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Bulletin of Animal Health and Production in Africa

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Behavioural response of west African dwarf kids to repeated separation from their dams during the first week of lactation

I.I. Abdul-Rahman

Abstract


Eighty West African Dwarf kids were tested to investigate their behavioural responses to a 9 hr daily separation from their respective dams on 3 consecutive days, and scored 1-5. A kid was scored 5 when it was very active and emitted high-pitched bleats, while a least score of 1 was given when the kid was inactive and emitted no bleat. The effects of sex, birth weight, type of birth, day of separation and time interval from separation were measured using the chi-square procedure. No differences (P> 0.05) were found in the behaviour of kids among all the 3 days of separation. A higher proportion (P<0.05) of kids, however, showed a higher level of disturbance on each of the 3 days of separation than control (when they were with their respective mothers). A higher proportion (92.5%; P<0.05) of the kids were less disturbed immediately after separation than mid-way through separation (47.5%) and just before arrival of their mothers. Similarly, large proportion (47.5%) were less disturbed mid-way through separation than just before the arrival of their mothers. The proportion of undisturbed kids immediately after separation was similar (P> 0.05) to control, but higher (P<0.05) than all separation intervals. A high proportion (P < 0.05) of kids had scores 4 and 5 midway through the separation period and just before arrival of their mothers than immediately after the separation period. Kids were generally stressed by the separation process, and the level of disturbance increased with increasing period of separation within the day, and must be avoided.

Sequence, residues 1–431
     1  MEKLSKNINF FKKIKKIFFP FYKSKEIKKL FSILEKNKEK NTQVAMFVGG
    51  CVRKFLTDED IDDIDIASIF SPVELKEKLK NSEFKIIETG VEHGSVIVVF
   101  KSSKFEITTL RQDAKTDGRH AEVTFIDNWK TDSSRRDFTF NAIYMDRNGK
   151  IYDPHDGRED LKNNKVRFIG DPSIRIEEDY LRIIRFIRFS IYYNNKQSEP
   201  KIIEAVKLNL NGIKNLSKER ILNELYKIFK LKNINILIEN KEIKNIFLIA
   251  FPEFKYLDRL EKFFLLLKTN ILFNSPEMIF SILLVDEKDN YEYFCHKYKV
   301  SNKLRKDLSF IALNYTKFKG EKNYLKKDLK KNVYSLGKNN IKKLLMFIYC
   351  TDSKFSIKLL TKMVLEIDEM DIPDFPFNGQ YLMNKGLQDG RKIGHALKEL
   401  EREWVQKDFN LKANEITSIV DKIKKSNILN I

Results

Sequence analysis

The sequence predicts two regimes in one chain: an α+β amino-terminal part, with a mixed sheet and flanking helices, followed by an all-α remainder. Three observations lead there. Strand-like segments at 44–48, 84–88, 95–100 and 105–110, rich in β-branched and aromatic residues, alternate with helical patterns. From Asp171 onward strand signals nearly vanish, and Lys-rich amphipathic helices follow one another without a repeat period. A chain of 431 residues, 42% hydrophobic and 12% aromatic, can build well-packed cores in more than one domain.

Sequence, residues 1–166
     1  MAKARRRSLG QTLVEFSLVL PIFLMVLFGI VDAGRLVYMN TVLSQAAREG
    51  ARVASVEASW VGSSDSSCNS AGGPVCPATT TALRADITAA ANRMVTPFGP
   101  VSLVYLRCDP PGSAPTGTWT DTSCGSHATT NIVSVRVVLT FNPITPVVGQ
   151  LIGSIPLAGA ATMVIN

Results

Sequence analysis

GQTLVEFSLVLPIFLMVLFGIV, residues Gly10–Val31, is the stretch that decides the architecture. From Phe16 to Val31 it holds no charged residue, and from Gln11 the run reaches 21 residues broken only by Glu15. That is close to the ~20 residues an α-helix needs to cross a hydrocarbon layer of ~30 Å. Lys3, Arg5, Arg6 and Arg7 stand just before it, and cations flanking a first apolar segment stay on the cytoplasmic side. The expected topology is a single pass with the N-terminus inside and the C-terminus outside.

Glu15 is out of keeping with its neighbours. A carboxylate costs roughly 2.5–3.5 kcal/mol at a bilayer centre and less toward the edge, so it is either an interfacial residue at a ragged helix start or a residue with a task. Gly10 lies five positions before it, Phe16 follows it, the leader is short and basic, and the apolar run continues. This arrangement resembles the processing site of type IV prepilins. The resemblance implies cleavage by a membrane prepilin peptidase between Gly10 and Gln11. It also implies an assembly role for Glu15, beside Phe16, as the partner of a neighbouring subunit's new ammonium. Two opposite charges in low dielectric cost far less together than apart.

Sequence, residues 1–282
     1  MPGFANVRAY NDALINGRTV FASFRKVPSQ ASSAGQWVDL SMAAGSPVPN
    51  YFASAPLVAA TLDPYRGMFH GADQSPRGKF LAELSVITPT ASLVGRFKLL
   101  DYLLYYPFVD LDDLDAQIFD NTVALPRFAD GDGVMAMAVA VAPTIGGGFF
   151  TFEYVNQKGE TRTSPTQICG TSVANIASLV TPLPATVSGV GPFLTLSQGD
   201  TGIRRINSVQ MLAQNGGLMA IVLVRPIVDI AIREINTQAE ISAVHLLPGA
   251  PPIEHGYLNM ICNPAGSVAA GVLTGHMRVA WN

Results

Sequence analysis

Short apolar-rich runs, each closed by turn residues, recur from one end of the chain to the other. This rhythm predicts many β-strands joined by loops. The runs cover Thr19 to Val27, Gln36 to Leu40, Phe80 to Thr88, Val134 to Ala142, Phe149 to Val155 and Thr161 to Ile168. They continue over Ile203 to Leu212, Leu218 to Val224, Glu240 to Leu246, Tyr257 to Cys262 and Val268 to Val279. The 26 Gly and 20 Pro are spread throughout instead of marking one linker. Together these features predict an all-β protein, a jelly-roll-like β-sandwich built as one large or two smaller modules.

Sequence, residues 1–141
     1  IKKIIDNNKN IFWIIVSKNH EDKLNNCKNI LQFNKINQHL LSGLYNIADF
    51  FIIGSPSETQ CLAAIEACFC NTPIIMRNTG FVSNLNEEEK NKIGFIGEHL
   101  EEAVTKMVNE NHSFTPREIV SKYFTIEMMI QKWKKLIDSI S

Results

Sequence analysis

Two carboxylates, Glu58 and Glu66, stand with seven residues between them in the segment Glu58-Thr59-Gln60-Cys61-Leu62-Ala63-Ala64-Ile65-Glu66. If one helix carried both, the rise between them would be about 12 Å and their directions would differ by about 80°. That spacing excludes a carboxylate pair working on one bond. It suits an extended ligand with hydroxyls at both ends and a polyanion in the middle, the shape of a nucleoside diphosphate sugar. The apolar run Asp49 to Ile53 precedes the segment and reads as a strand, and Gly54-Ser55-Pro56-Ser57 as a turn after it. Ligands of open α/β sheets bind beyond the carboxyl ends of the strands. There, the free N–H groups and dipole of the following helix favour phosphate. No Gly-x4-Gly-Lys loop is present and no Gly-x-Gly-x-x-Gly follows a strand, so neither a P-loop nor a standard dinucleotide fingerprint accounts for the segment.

Keywords: kids, behaviour, vocalization, disturbance, isolation




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